The Obama administration on Wednesday accused Republican critics of overstating the number of accused terrorists who have taken up arms after being released from the U.S. military prison at Guantanamo Bay, Cuba.
A group of GOP lawmakers, seeking to block administration efforts to close the prison, this week proposed legislation to slow the release of inmates. They said about 30% of those released have turned to terrorism since the facility began housing militants in 2002.
But the State Department, without naming the critics, said they have conflated "suspected" and "confirmed" cases of recidivism.
In a statement, a senior State Department official said 19% of detainees released before President Obama took office in 2009 had been confirmed to have turned to terrorism, and 14.3% were suspected of doing so.
The number of confirmed cases among those released since 2009 has fallen to 6.8%, with the rate of those suspected at 1.1%, according to the official, who declined to be identified under administration ground rules.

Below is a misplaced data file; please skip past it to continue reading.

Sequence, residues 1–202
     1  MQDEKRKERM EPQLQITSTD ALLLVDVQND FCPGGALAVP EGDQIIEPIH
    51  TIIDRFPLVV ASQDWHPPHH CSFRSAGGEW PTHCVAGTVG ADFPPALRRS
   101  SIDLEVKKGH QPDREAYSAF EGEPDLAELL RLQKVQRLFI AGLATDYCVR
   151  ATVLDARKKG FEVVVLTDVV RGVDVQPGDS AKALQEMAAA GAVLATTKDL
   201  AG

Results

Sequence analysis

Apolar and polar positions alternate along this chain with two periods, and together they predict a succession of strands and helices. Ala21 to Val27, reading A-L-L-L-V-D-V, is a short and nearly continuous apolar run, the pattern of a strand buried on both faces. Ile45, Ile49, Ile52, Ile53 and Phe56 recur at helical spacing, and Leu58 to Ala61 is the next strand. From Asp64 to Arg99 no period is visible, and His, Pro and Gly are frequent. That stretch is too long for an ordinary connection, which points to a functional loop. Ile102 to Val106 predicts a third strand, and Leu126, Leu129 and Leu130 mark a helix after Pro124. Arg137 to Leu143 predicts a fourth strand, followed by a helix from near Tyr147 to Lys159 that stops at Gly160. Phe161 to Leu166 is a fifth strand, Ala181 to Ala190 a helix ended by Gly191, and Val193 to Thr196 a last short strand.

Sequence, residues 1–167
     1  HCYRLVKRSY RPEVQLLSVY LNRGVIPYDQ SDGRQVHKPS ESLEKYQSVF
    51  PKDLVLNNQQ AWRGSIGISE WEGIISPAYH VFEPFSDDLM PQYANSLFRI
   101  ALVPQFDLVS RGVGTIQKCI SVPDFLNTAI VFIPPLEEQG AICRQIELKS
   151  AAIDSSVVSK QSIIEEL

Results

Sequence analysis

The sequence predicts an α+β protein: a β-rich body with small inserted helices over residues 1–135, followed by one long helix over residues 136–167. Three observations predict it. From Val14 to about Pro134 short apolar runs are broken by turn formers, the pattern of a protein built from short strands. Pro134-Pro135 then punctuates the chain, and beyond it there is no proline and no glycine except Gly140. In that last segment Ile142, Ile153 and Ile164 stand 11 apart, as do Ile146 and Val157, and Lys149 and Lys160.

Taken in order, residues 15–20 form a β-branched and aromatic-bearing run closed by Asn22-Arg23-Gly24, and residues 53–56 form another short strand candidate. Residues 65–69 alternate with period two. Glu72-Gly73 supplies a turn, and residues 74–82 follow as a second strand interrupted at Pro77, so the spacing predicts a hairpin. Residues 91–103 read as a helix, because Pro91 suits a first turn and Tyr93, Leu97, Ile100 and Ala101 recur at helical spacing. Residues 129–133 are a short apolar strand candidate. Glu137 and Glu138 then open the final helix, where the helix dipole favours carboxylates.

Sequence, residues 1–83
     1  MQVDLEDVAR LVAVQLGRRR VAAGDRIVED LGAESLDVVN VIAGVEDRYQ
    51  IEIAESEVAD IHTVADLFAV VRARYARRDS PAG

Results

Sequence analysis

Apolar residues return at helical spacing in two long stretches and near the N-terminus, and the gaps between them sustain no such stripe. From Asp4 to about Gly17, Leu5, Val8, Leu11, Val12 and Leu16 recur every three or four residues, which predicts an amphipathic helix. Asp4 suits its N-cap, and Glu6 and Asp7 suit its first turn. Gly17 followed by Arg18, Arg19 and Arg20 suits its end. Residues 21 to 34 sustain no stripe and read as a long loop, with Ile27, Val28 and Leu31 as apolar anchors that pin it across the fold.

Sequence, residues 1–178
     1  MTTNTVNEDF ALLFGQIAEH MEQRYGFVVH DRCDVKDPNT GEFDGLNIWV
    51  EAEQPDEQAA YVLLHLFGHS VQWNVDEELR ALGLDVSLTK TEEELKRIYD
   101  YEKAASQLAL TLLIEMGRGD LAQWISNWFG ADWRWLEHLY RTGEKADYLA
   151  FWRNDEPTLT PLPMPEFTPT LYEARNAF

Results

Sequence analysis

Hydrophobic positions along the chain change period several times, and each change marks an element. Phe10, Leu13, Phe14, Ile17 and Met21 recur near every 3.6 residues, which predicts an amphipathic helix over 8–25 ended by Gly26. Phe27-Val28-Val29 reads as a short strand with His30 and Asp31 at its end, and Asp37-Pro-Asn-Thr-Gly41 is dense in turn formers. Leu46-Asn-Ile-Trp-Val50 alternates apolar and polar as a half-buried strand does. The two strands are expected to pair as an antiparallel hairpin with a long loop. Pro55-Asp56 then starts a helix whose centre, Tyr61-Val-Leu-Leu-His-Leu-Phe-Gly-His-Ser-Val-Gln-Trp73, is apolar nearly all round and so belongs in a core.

The official cited a September 2014 report from the Office of the Director of National Intelligence saying that nearly half of the confirmed recidivists, and more than one-third of the suspected recidivists, are dead or in custody.
The administration released 28 prisoners from the prison in 2014, and is expected to release more in the coming weeks.
Sen. John McCain (R-Ariz.), the new chairman of the Senate Armed Services Committee, announced the legislation on Tuesday. He said the committee would take up the bill.
"We know for a fact that roughly 30% of those who have been released have reentered the fight," McCain said in announcing the legislation.
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